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Livestock Expert Recommends Desmodium as Cattle Fodder

Demand for milk and livestock products in Kenya is growing fast and has already outstripped supply in some parts of the country. One of the results is that many smallholder farmers are venturing into rearing dairy cattle and, to some extent, dairy goats.

One of these farmers is Emily Mukwambo, who keeps six dairy cows in her three and half acre farm in Busia County, western Kenya. However as Emily and thousands of other small-scale farmers embrace dairy farming, it is emerging that climate change is affecting the availability of fodder and forage leading to farmers failing to meet the nutritional needs of their livestock. Compounded by the lack of information some farmers have about these needs, milk production is being affected, leading to diminished incomes.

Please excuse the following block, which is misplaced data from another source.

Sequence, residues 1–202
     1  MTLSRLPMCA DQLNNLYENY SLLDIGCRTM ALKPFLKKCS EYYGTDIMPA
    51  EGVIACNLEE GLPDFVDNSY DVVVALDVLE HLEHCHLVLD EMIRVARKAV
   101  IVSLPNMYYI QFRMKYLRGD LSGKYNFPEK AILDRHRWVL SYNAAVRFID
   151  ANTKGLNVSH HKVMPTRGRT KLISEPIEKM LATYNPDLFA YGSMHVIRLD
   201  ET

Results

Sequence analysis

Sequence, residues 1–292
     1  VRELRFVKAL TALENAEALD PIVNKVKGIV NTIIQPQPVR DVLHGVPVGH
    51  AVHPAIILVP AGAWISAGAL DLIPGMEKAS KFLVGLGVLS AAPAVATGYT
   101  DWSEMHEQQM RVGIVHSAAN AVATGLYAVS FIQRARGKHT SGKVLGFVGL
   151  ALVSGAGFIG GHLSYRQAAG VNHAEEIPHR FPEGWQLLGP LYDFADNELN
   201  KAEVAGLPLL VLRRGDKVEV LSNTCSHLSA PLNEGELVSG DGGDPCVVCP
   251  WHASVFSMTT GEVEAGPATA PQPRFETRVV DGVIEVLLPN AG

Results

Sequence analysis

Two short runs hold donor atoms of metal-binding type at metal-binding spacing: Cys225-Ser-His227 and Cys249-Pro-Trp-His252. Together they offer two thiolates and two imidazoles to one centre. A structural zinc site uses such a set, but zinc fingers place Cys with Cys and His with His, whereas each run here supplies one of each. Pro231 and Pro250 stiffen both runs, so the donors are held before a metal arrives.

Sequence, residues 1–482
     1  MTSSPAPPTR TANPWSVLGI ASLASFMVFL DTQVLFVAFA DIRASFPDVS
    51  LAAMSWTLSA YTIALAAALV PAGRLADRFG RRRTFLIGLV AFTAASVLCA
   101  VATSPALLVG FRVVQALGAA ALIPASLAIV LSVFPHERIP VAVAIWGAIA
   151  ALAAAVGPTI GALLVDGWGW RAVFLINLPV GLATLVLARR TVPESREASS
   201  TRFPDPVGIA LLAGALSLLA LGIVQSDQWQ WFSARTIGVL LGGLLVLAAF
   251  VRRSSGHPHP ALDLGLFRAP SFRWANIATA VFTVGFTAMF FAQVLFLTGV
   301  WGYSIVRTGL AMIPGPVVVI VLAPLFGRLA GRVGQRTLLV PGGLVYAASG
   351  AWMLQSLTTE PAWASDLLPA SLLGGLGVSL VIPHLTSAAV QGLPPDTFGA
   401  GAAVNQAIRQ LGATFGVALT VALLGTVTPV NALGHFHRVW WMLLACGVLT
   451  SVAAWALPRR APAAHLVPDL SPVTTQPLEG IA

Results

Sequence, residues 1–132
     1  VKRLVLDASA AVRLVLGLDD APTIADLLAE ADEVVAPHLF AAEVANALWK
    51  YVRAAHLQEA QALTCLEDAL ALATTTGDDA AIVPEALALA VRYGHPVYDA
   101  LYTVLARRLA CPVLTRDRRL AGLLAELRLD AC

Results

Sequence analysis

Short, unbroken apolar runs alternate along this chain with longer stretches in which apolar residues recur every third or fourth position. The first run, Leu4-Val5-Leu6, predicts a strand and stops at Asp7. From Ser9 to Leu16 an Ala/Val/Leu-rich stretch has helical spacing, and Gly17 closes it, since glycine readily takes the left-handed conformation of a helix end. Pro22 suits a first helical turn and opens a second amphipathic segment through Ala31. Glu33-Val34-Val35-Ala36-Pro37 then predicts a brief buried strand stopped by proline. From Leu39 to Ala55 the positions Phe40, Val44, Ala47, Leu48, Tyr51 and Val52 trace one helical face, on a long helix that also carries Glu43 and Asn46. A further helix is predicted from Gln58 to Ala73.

According to Emily, erratic rain and long dry spells mean that farmers are compelled to make silage or purchase bales of hay to feed their animals, paying little or no attention to the nutritional value of the grass used to make the hay.“The key concern is usually to ensure the cows survive drought,” says Emily, whose cows produce a daily average of 28 litres of milk.Adherence to a good nutritional regime could definitely increase their milk production.

Andrea Moroni

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